Symptoms Of Testicular Cancer That Has Spread

If testicular cancer is not found earlier, it can spread to other parts of the body. Even when testicular cancer has spread, there may not be any symptoms. But some men may have some of the following: Lower back pain from cancer that spread to the lymph nodes behind the stomach. (lymph nodes are a collection of immune cells with skin size). Respiratory failure, chest pain or a cough (even if blood cough) because the cancer is spreading in the lungs. Abdominal pain, either from the sea lymph nodes or because of the fact that cancer has spread to the liver. and headaches or confusion due to cancer spread in the brain.

How is testicular examination performed? The best time to do self-examination is during or after a bath or shower when the scrotum skin is relaxed. Hold your penis off the road and examine one testicle at a time. Signs and symptoms of testicular cancer - Or hold your testicles between your thumb and fingers of both hands and gently rotate between your fingers. Then show and feel the presence of a hard or smooth lump or changes in the size, shape or consistency of the testicles.

It is normal for a testicle to be slightly larger than the other and one to stand lower than the other. You should also know that each normal testicle has a small circular tube (epididymides) that can feel like a small piece outside or outside the testicles. Normal testicles also have blood vessels, support tissues and tubes carrying sperm. Signs and symptoms of testicular cancer - Some men may confuse them with abnormal swelling at first. If you have any concerns, contact your healthcare provider. If you regularly check your testicles, in time you will find out what is normal for you. And you'll know when something is different.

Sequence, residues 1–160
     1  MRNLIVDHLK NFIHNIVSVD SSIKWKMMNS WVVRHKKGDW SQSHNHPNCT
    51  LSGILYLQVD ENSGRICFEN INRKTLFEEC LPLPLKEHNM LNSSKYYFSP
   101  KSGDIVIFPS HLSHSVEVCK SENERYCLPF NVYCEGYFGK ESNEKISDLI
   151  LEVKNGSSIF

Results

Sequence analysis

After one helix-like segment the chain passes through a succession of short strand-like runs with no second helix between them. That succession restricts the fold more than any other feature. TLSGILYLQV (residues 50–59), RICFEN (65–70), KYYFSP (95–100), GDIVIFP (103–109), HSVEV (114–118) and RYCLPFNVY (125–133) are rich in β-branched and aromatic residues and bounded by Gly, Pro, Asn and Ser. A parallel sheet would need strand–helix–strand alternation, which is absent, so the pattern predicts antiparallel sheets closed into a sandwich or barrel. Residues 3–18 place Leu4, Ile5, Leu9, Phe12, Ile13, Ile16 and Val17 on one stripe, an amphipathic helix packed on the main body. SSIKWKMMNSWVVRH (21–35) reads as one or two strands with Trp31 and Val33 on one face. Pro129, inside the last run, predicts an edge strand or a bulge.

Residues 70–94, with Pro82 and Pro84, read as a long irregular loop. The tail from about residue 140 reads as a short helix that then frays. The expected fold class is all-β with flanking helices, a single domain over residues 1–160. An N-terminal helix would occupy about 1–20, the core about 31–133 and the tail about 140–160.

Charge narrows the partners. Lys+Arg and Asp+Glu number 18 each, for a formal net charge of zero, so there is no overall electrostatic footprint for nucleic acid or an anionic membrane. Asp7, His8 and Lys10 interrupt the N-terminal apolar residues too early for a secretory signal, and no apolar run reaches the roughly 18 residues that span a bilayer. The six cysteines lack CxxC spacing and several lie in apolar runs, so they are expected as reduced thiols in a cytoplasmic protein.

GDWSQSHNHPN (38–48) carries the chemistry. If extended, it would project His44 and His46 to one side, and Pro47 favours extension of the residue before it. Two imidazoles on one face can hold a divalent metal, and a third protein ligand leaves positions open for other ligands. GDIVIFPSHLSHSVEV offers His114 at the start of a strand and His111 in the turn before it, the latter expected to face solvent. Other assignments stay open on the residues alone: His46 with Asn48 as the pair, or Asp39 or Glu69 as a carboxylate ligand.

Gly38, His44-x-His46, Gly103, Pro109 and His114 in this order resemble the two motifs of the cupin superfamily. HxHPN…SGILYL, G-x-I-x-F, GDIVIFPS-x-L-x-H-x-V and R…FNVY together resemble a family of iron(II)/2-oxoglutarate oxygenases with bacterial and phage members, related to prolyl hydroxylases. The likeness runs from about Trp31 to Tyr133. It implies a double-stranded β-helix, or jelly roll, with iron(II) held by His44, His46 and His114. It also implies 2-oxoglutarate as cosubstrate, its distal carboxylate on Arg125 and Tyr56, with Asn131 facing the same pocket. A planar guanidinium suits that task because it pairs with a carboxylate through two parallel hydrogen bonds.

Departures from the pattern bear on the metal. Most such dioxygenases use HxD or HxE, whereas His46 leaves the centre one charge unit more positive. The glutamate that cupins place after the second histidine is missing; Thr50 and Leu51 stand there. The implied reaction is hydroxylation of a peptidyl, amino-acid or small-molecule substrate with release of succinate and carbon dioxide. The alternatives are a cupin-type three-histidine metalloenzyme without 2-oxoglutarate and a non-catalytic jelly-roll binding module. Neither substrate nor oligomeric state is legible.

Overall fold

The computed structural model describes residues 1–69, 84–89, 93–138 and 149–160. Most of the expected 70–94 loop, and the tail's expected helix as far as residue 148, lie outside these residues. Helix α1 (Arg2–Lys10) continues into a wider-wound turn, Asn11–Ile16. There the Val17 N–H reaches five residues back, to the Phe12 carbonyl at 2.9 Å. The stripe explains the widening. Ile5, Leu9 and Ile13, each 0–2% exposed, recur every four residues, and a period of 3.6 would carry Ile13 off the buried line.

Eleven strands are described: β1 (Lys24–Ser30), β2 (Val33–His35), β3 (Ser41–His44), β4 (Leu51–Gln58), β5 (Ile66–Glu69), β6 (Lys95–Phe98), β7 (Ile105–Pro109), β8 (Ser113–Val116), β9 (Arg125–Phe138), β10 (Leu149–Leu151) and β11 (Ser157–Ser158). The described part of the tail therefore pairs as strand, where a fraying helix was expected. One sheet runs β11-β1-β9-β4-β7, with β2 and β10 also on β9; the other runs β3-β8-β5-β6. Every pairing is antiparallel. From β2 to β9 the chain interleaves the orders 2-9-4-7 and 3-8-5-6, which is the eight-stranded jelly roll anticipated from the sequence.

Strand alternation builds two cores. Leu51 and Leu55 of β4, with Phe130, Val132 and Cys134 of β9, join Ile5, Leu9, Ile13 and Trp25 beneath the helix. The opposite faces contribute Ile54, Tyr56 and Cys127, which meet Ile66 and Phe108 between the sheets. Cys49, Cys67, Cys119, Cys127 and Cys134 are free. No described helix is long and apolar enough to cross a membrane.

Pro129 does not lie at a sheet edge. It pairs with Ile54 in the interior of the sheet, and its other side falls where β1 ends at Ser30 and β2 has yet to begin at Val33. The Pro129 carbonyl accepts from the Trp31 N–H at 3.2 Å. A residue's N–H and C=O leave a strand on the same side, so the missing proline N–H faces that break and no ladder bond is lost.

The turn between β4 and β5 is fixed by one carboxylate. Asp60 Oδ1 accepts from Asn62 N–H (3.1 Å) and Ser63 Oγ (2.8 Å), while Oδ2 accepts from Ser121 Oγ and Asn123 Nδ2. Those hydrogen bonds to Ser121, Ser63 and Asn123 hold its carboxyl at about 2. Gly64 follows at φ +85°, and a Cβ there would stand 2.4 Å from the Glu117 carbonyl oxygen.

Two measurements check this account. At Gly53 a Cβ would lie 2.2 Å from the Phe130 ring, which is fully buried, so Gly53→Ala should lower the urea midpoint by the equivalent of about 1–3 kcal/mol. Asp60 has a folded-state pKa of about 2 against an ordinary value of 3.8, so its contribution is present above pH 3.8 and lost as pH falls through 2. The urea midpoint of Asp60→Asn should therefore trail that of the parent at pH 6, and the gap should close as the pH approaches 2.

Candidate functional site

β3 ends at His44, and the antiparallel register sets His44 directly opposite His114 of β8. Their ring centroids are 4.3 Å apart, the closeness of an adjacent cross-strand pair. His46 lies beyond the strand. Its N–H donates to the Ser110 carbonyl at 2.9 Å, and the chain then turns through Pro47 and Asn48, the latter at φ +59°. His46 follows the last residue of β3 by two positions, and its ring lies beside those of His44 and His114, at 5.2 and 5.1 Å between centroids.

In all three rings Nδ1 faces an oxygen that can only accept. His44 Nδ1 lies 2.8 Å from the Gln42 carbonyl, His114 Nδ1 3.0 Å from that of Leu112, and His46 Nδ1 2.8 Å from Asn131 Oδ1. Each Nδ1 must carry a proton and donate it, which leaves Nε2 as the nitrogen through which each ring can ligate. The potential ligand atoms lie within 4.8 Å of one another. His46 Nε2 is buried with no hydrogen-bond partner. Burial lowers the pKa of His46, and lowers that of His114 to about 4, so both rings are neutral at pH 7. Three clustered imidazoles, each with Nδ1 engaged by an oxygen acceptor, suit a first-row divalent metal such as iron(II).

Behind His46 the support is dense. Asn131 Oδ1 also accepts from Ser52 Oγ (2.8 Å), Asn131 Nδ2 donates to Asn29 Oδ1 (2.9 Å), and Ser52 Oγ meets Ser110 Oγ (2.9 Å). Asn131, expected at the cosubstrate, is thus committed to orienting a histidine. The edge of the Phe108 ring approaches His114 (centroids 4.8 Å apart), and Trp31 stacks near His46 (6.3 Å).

What if you find something different? If you find something unusual or something you don't believe in, either during self-examination or at other times, consult a healthcare provider immediately. The provider will ask you if you experience symptoms (such as pain) and how long you will live. During a physical examination, the supplier will feel your testicle for swelling or sensitivity and the size and location of each piece. The supplier may also check your stomach (abdomen), groin and other parts of the body in search of possible signs of cancer spread.

If it is found that something is abnormal, it can do an ultrasound to see the scrotum and testicles. This is an easy and painless way to see if there are any tumors or other problems. Other tests may be carried out. If you are concerned about any changes you may have, talk to your doctor. Your doctor will ask you how long and how often you have symptoms other than any other questions. Signs and symptoms of testicular cancer - This is helping to figure out the cause of the problem, called diagnosis. In the case of cancer diagnosis, the improvement of symptoms remains an important part of care and treatment for cancer. This can also be called symptomatic management, palliative care or care support. Be sure to talk to your healthcare team about the symptoms you're experiencing, including new symptoms or symptoms changes.